FPA shares ‘grave concerns’ over new cladding tests

FPA shares ‘grave concerns’ over new cladding tests

THE FIRE Protection Association (FPA) has expressed its concerns over the new cladding testing programme announced by the government.

In February, the government announced it widened its fire testing regime to include other materials than aluminium composite material (ACM), which could mean ‘potential uncertainty for thousands more residents’. Housing Minister Kit Malthouse ordered combustibility tests on cladding panels used on high rise residential blocks, hotels and student accommodation ‘that differ’ from ACM panels used on 437 buildings ‘identified so far’.

Research suggests that ‘at least’ 160 high rises have been built with materials used in rainscreen cladding systems ‘that have not been accounted for’ in prior government testing. These include high pressure laminate (HPL) panels made from compressed wood or paper fibre, used to produce ‘colourful skins for new buildings’, and some of which are classed as combustible.

Mr Malthouse stated that fire safety experts had updated guidance for the government, adding that ‘we have commissioned the Building Research Establishment [BRE] to conduct a programme of testing on non-ACM materials and we expect that testing to start shortly’. He added that the Ministry for Housing, Communities and Local Government (MHCLG) had been ‘cajoling’ private building owners to remove ACM panels, and was considering ‘more assertive’ measures.

Later that month, it was reported that the tests would begin in March and results would be published in the summer, and now Inside Housing has reported on the ‘grave concerns’ expressed by fire safety industry experts over the ‘bespoke safety testing methodology’ devised by the government. This will mean the tests have ‘no success or failure criteria’, and they have been criticised as ‘less comprehensive’ than those undertaken on ACM cladding in the last two years.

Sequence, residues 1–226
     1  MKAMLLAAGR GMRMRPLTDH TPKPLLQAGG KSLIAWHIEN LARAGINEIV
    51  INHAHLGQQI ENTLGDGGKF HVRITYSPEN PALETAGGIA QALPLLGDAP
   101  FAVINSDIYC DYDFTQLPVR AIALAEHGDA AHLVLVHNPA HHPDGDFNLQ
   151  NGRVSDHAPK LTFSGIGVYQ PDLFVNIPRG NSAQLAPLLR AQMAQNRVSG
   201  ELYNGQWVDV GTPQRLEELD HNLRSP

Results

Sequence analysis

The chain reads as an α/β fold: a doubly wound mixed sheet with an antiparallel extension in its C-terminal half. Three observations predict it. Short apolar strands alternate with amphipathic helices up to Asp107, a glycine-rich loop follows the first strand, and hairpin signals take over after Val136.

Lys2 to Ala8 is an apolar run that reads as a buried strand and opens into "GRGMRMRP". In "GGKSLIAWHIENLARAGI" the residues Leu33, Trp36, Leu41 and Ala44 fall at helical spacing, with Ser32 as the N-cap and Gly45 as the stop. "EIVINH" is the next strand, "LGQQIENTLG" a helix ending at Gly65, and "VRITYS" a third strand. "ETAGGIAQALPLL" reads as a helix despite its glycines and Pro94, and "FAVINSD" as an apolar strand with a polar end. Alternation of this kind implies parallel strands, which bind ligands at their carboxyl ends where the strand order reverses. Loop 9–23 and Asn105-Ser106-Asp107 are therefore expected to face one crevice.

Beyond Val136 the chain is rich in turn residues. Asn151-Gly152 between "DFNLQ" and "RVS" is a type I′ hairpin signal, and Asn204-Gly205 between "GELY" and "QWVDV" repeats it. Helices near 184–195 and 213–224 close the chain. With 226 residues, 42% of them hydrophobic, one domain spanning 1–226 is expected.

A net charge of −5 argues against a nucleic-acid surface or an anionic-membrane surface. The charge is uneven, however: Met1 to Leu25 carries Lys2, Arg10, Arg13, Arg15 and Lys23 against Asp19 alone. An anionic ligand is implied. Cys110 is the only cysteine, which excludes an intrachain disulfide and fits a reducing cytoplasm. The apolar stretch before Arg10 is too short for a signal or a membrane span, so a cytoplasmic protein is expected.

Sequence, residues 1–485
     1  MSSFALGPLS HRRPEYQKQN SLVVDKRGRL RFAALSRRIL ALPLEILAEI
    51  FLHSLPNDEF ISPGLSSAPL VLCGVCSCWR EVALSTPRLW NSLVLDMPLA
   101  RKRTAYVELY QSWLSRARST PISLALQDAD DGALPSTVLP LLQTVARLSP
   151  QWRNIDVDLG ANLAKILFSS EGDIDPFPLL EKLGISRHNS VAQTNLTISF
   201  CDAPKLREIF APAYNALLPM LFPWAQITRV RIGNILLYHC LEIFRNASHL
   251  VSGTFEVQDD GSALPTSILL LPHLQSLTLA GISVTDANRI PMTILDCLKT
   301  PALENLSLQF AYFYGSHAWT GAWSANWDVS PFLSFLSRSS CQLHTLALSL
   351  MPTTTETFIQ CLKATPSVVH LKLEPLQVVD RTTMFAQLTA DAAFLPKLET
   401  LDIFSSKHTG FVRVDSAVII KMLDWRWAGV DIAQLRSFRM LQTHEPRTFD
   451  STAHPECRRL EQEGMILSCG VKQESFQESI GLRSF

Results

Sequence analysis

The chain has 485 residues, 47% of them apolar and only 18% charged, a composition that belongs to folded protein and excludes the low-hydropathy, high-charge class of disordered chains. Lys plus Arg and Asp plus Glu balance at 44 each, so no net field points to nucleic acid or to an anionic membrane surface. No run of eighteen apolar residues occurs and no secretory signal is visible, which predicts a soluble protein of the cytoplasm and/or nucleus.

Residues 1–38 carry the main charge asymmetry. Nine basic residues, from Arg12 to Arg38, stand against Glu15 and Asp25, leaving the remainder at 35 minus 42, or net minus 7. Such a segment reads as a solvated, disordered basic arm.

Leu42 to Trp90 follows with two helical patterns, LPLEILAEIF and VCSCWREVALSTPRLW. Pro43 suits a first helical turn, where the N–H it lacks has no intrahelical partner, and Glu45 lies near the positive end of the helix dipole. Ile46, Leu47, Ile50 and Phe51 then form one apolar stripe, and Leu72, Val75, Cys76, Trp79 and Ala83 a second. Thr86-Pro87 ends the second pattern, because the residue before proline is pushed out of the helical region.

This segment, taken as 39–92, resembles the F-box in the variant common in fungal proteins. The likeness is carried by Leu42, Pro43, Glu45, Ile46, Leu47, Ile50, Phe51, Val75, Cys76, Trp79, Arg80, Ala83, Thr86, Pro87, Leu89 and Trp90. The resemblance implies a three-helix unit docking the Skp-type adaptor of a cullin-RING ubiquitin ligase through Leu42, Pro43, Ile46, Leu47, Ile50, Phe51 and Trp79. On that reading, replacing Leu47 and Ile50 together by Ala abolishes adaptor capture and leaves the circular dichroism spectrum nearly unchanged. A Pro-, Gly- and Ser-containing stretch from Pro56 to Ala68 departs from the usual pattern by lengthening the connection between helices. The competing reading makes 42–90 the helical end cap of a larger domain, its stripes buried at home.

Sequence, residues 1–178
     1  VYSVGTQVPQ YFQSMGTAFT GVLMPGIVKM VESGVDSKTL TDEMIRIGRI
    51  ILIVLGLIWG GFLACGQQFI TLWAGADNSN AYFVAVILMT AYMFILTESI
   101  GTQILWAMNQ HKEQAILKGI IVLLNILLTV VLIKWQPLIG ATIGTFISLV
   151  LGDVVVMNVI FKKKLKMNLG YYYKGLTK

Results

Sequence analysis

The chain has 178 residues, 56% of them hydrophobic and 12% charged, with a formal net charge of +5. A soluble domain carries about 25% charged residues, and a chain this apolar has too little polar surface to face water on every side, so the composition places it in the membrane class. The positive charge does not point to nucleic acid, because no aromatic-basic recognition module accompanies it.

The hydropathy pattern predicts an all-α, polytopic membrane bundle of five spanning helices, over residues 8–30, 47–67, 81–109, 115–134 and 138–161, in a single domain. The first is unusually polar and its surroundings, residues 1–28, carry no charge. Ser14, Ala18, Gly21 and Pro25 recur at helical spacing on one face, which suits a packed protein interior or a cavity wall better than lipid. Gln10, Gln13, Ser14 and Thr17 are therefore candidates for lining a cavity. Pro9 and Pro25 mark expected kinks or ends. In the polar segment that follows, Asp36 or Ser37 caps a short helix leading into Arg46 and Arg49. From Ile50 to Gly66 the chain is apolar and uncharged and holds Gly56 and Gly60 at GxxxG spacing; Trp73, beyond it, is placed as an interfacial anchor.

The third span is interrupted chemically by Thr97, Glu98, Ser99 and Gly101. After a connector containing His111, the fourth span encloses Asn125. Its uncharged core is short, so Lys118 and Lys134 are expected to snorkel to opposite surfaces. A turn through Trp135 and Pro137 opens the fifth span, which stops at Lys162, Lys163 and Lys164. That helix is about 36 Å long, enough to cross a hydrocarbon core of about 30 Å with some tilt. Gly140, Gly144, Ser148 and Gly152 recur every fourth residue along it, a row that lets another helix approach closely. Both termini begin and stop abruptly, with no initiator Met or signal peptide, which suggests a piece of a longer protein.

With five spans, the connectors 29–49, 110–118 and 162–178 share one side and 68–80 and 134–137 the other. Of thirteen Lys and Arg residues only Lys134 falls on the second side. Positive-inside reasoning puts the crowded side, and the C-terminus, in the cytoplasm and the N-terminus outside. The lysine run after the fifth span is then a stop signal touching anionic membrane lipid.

In turn, the tests will not include insulation, will not test cavity barriers and ‘will have no legal standing’, with Labour MP Steve Reed expressing his concerns to Mr Malthouse. The latter wrote a letter to the former, in which he said: ‘There are no success or failure criteria, the findings will help determine, in consultation with the expert panel, any further action we should take. This could include further testing at large scale and/or advice to building owners.’

Mr Reed told Inside Housing: ‘The government has chosen to ignore existing safety tests with legal standing in favour of its own made-up methodology. It is doing this so it’s less clear whether materials that fail the test need to be removed from buildings. The government has been told to make the rules clearer, but instead it is making them even more confused. Despite the horrific loss of life at Grenfell Tower, ministers care more about evading responsibility than protecting people.’

In turn, Jonathan O’Neill, managing director of the FPA, commented: ‘The FPA has grave concerns with the new cladding testing that the government is proposing, as unlike the 8414 testing, it only tests the actual cladding, and does not include the structure and materials that lie behind it, such as insulation, cavity barriers, windows and vents. As we witnessed at Grenfell, they can be the difference between life and death.’

Lord Porter, chair of the Local Government Association, welcomed the tests but noted: ‘You have to test in the way it would be applied to a building in real life – you need to test it against different types of insulation, with a cavity behind it and fire stops, because those are all things which occur in real life.’